But even this might not be demanded of the Logos. The Heavenly Father, therefore, as St. Paul points out, set before His Son, the Logos, a great proposition; namely, that if He would demonstrate His faith and loyalty to the extent of becoming man's Redeemer, the Father would still more highly exalt Him and make Him partaker of the Divine nature, far above angels and every name that is named. (Hebrews 12:2; Philippians 2:5-11.) The Logos, full of faith and obedience, heartily entered into the proposition, was made flesh, consecrated His life, kept nothing back, finished the work at Calvary, and was raised from the dead by the Father to the Heavenly nature and glory and honor.
The Logos was made Jesus. The work of Jesus in the flesh, however, is not the completion of the Divine Plan, but merely the beginning of it. His death constitutes the basis of all future blessings to the Church and to the world. According to the Father's Plan, an elect class was to be gathered out of Israel and out of every nation to be the Church of Christ, His Bride, associates with Him in His Throne, glory and work.
With the completion of the Elect, the Kingdom for which we pray, "Thy Kingdom come," is to be established. Satan is to be bound; all evil is to be brought to an end; every good influence and enlightenment is to be shed; and He who died for the world is thus to become the Light of the world. He has not yet been the Light of the world, but merely a light to His people. As St. John declared, His light shined in darkness, and was not appreciated. Similarly the light of Truth upheld by His consecrated Church will not be appreciated, so strong are the powers of the Prince of Darkness influencing the minds of the world, which, as yet, lies in the Wicked One.—I John 5:19.—Diaglott.
But the Prince of Life and His Kingdom will cause the light of the knowledge of the glory of God to fill the whole earth, as the waters cover the great deep (Habakkuk 2:14), so that none shall need to say to his brother, Know thou the Lord, for all shall know Him, from the least to the greatest. (Jeremiah 31:34.) Thus according to His promise Jesus eventually will be "the true Light, which lighteth every man that cometh into the world." (V.9.) The great mass of humanity have never seen nor even heard of this true Light—not merely the heathen millions, but the masses in civilized lands.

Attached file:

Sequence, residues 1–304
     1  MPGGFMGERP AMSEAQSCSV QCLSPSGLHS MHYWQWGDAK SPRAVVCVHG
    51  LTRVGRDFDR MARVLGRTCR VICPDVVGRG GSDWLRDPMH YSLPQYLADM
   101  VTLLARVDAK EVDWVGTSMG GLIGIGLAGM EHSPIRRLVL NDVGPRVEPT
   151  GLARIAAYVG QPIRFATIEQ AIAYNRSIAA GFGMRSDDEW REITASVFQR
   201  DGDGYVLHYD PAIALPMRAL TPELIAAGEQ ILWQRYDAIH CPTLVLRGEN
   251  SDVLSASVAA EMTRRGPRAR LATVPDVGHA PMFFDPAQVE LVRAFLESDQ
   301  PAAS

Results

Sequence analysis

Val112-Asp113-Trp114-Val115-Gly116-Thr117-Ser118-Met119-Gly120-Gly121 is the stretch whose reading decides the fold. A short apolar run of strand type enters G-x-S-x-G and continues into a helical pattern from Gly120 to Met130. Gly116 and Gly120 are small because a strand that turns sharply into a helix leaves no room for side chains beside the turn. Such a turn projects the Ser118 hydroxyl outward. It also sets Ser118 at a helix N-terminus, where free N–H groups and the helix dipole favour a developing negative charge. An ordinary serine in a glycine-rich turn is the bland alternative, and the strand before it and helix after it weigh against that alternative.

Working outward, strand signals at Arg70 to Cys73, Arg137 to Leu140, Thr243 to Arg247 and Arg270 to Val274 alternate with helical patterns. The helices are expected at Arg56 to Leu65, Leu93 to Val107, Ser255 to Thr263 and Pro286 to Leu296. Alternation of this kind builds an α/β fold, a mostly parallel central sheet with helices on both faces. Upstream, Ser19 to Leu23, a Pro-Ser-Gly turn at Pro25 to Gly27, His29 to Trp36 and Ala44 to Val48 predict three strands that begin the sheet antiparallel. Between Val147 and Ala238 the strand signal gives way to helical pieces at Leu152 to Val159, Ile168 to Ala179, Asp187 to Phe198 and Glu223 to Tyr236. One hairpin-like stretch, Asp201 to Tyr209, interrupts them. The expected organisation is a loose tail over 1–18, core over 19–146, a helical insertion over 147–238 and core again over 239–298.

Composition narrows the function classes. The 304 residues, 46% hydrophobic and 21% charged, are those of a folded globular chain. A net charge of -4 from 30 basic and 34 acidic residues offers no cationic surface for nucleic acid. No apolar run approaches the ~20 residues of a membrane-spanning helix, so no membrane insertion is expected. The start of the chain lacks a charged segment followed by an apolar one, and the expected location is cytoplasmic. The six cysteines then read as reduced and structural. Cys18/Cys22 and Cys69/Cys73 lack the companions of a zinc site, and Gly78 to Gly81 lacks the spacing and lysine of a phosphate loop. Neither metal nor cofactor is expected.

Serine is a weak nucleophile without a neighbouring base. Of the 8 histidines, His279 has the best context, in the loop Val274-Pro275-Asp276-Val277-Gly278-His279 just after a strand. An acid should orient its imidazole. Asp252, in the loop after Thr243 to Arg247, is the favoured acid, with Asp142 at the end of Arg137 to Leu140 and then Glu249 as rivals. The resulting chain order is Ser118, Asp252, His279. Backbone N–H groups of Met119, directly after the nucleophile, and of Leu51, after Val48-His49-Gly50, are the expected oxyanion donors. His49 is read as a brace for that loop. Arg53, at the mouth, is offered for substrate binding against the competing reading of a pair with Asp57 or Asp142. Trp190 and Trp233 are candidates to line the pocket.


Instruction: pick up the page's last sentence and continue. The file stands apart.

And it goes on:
The resurrection of the just will be necessary to bring the Church to glory and joint-heirship with her Lord. But the resurrection of the unjustified, which includes practically all humanity, will be for the very purpose of permitting them to see the true Light, which God has provided in His Son and which will be shed abroad during His Millennial Kingdom. Only those who refuse the light, preferring the darkness, will die the Second Death.
John the Baptist was a messenger sent to call attention to the Light, but he was not the Light. He was not even one of the Church class, of whom Jesus said, "Ye are the light of the world"; for John the Baptist did not continue to live to the time of the begetting of the Spirit, after our Lord's sacrifice.
The world recognized not the great One who was in it, the Logos, by whom it was made. His own nation recognized Him not, but crucified Him. Yet some then and some since have received Him, and to such He has given the power, the right, the liberty, the privilege, to become children of God. No such privilege was given to the Jews, nor to any of the fallen race, until Pentecost—after Jesus had appeared in the presence of God to make atonement for our sins.
These sons are all begotten of the Holy Spirit. Theirs is not a fleshly sonship. Their birth of the Spirit will be the resurrection change, when they shall be made like their Master, see Him as He is and share His glory.